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Cameras in the Supreme Court would be a step toward accountability

By Rep. Gerry Connolly

The recent draconian decision to overturn Roe v. Wade has unleashed a crisis of legitimacy at the Supreme Court. For the first time, the American people are grappling with the realization that an established constitutional right has been ripped away. Secrecy and a lack of transparency will only further that mistrust.

The Oct. 3 editorial “Put cameras in the Supreme Court” appropriately calls for modernization of the court, but such modernization cannot be painfully incremental. The Roberts court is not some mystical priesthood that can operate outside the public view. It is a coequal branch of government that must be accountable to the American people. That’s why I have continuously introduced the Cameras in the Courtroom Act. Placing cameras in the Supreme Court will not fully absolve the institution from well-deserved criticism, and more reforms, such as term limits, must be explored. But cameras in the court will finally force it to operate in the 21st century.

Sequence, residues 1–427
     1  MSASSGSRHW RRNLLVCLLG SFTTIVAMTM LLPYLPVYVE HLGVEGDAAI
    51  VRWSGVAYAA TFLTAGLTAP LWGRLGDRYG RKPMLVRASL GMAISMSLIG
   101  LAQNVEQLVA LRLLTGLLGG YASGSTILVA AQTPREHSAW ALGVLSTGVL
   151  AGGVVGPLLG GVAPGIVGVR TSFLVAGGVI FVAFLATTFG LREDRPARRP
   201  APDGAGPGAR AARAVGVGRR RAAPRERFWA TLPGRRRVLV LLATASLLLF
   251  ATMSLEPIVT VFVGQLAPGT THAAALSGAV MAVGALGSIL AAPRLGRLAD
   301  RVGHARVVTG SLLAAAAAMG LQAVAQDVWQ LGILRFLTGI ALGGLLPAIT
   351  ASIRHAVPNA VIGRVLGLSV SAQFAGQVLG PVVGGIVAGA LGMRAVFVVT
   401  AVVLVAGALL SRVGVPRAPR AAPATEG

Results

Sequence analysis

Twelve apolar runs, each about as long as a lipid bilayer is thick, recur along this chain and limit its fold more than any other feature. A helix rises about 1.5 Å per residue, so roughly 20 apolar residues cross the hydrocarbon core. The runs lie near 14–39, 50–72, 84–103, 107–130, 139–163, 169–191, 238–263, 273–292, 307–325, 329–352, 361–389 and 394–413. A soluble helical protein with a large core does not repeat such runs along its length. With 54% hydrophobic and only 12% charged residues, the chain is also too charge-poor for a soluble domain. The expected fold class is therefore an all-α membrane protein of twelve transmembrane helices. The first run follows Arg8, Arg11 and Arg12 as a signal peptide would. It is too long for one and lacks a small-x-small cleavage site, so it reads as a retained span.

In today’s digital age, it strains credulity to think that this modest effort at transparency would prove impossible to implement or somehow inhibit the ability of our justices to hear cases in a fair manner. It’s time we put cameras in the court.

The writer, a Democrat, represents Virginia in the U.S. House of Representatives.

To view this piece as it appeared in the Washington Post, click here.
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